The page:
b.25 May 1919 d.6 April 2008
BA Cantab(1940) MRCS LRCP(1943) MB BChir(1947) MRCP(1952) FRCP(1974)
Sydney Maudsley Vine, known as ‘Sam’, was physician in charge of the department of geriatric medicine for the Reading area hospitals. He was born in Duke Street, Settle, Yorkshire, above the old post office, the son of the local veterinary, Sydney Bramley Vine, and a farmer’s daughter, Ann Armistead née Maudsley. His father hoped that Sam would become a vet, but for generations his mother’s family had been prominent in the medical profession, and Sam decided to follow in the footsteps of his great uncle, Henry Maudsley [Munk’s Roll, Vol.IV, p.172], who had founded the Maudsley Hospital in 1907.
In 1928, at the age of nine, Sam became the youngest ever pupil at Giggleswick School, Settle, where he remained until 1932, when he attended Queen Elizabeth Grammar School, after the family moved to Wakefield. He finally ended his school career in Maidstone Grammar School, Kent. He studied medicine at Emmanuel College, Cambridge, and then went to Guy’s Hospital for his clinical training.
During 1943 and 1944, Sam worked in Bedford, West Suffolk and Southend general hospitals. He always loved the sun and, while working at Southend, was caught by the matron sunbathing nude on a flat roof during a break time.
In 1944, he joined the Royal Army Medical Corps. He was posted to Maryhill Barracks in Glasgow and was then sent to the Far East, on one of the ships that formed the first convoy to sail through the Mediterranean since the outbreak of the Second World War. When Sam disembarked at Bombay, India, he was posted to Dhaka where, in his capacity as medical officer, he did some original work on scrub typhus. It was in the late spring of 1945 when Lady Louis Mountbatten and her entourage were dining at the exclusive Dhaka Club that Sam was dared to ask her to dance. They danced and Sam then proceeded to alleviate her boredom by taking her back to his mess in a hired horse-drawn cab. Their cosy tête-á-tête was interrupted by an exasperated colonel, several distinguished officers and the military police. As a result, Sam was posted back to Calcutta.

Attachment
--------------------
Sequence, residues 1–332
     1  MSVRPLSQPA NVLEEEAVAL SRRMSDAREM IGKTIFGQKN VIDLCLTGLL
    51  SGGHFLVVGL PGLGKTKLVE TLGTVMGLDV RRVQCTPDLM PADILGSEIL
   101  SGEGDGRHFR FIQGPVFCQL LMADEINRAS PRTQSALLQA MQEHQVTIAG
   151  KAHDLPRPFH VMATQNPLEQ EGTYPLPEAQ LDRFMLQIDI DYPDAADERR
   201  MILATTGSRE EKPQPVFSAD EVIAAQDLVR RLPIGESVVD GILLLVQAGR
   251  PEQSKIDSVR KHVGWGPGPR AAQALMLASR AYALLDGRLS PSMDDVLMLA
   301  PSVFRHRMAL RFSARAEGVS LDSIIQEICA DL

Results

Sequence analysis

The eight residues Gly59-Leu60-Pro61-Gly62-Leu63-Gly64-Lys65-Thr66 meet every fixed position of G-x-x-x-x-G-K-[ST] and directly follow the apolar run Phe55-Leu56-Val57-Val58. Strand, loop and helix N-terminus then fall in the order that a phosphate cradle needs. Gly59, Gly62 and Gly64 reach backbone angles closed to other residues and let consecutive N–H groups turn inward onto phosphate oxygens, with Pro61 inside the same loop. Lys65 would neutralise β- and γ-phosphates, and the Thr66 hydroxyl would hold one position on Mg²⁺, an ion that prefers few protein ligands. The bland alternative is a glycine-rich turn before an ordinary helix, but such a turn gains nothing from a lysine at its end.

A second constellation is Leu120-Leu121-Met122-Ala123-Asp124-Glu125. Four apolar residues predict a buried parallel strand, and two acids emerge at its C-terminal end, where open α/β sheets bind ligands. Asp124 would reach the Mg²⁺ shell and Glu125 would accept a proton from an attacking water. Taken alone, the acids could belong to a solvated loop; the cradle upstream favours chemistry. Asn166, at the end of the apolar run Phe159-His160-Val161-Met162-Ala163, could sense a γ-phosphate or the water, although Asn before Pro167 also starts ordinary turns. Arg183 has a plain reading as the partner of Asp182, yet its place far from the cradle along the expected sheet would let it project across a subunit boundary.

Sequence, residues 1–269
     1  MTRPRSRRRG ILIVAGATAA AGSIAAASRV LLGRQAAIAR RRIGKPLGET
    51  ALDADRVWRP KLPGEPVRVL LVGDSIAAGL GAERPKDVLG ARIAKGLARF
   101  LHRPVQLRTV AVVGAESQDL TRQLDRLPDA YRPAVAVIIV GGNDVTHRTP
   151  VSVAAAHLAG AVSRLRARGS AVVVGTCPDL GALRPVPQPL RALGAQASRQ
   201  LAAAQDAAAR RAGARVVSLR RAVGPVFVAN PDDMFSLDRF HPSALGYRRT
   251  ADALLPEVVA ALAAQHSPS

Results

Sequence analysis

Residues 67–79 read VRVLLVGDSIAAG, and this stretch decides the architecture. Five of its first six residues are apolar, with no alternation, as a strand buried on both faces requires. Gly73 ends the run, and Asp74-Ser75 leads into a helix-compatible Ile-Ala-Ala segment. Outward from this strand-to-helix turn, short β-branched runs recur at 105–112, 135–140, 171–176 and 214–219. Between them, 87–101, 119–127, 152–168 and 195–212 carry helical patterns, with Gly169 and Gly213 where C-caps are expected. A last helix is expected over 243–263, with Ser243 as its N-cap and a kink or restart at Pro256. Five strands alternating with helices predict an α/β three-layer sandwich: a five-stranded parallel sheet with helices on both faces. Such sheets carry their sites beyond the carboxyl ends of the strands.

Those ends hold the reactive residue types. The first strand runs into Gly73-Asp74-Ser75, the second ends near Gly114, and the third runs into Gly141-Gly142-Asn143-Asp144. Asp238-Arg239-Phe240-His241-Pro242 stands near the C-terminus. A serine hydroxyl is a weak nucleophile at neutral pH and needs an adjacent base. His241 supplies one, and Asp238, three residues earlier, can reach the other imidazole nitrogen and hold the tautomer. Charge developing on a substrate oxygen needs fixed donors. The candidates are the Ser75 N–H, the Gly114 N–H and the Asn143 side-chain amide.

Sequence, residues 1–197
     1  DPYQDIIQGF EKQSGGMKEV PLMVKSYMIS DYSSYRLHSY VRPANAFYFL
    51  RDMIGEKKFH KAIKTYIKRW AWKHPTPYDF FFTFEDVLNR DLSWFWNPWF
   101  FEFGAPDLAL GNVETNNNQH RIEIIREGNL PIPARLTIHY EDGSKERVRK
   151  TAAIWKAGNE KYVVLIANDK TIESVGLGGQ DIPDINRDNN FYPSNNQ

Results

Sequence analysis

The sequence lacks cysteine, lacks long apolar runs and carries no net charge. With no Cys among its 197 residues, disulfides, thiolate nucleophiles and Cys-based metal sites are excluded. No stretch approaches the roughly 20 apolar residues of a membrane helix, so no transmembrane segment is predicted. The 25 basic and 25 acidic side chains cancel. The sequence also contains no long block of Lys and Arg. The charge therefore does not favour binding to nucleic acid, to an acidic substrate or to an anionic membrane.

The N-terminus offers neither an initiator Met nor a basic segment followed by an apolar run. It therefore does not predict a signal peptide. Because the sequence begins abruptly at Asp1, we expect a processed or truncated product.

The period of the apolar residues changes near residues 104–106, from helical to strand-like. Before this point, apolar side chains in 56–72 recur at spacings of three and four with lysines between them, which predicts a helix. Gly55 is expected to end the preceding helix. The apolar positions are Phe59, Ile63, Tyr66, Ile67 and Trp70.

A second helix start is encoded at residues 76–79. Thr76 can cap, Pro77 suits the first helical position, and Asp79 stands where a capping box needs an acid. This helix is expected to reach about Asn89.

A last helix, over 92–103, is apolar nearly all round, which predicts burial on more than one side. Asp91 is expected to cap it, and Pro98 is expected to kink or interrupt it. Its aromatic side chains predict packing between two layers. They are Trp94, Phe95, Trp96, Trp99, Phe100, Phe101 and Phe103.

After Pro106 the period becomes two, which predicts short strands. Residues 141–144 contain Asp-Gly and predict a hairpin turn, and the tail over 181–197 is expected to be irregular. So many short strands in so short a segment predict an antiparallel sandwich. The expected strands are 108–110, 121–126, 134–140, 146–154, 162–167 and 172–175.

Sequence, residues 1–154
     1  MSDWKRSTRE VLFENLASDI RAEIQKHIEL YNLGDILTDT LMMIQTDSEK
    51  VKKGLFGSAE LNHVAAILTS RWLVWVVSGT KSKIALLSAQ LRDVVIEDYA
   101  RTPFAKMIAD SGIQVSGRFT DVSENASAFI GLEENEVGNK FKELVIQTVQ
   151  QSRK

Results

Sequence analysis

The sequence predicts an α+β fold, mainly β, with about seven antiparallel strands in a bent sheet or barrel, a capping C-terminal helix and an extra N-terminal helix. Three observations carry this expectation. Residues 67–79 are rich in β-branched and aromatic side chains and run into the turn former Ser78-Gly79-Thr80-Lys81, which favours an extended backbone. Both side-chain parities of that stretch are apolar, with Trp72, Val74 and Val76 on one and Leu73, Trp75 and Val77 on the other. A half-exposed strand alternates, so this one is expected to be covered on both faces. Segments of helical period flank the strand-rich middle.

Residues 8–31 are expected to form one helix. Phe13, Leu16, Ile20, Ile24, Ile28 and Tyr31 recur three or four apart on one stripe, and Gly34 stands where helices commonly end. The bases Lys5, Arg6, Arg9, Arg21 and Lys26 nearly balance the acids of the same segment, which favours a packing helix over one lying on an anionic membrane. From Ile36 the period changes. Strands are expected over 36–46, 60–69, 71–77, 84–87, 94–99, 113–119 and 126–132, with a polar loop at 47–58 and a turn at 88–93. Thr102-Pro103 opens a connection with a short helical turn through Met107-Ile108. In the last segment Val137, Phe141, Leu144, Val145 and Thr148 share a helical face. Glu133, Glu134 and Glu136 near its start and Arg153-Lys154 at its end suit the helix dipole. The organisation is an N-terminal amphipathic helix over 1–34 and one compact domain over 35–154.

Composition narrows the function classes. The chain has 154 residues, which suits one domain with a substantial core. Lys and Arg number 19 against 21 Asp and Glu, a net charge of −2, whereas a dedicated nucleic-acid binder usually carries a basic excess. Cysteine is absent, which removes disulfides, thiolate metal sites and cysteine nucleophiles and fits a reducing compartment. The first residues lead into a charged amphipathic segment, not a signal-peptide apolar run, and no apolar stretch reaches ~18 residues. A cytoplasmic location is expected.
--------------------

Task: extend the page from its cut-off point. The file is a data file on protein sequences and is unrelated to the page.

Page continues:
He was then a medical officer on a hospital ship sent as part of an invading force led by HMS Sussex to Singapore. Once he arrived he was attached to the 69th Indian General Hospital which took up residence in the Queen Alexandra Hospital. As much of the fresh water on Singapore island had been poisoned by the Japanese and the island had been booby trapped, great care had to be taken by everybody.
In 1946, Sam was invalided back to England for several months. On his return to Singapore, he was attached to Changi Jail and was immediately assigned to witness the execution of prisoners and then certify their deaths. It was in Singapore that he met and married his first wife, Denise née Walden. However, he was called from his engagement party to attend a Japanese prisoner who had slit his own throat. Instead of pronouncing him dead, as was expected, Sam promptly operated and saved his life. As a bonus, the man was later spared execution.
When he returned from the Far East in 1947, he became a registrar at Addenbrooke’s Hospital, Cambridge. He then went to work at Fulham Hospital and in 1952 passed his MRCP. In 1953 Sam decided to specialise in geriatrics and moved to Brighton. Four years later, he moved to Reading, Berkshire, where he became a consultant in geriatric medicine at Battle Hospital.
He published a number of articles during his career, including ‘Clinical pitfalls in the elderly’ (The Lancet 1955 Jul 16;269), which resulted in worldwide interest and correspondence, ‘Common diagnostic hazards in the elderly’ (J Am Geriatr Soc 1956 Sep;49:859-65), ‘Parkinsonism’ (Br J Clin Pract 1956 Dec;10:821-9) and ‘The community hospital. A pilot trial.’ Lancet 1971 Aug 7; 2:308-10).
In 1984 Sam retired from his Reading appointment. He quickly became bored with retirement and happily accepted a locum position in Poole Hospital, which he enjoyed so much that he also undertook locums in Swindon and Dorchester hospitals. It was during this time that he met and later married his second wife, Pat. By now he had three children – Rosemary, Christopher and Deborah, two granddaughters (Jo and Sam) and three great grandchildren (Lucy, Katy and Harry). Sam was very fond of his family and was avidly interested in all their activities, as well the many leisure pursuits he enjoyed with his wife – swimming, dancing, theatre-going, holidays and, of course, The Daily Telegraph crossword puzzle.
Although Sam’s health started to fail in his final years, it did not stop him living life to the full. He never complained and made light of any disquieting symptoms – refusing all medication, chemo- and radiotherapy in favour of quality of life. His last week was truly enjoyable: he and Pat danced at two tea dances, dined out on three occasions with friends and walked by the sea.
Sam is greatly missed by all his friends and family. He was a true gentleman in every sense of the word, quiet, unassuming and polite. As one of his old school reports from Maidstone Grammar stated in 1935: “Has always given of his best”.
(Volume XII, page web)
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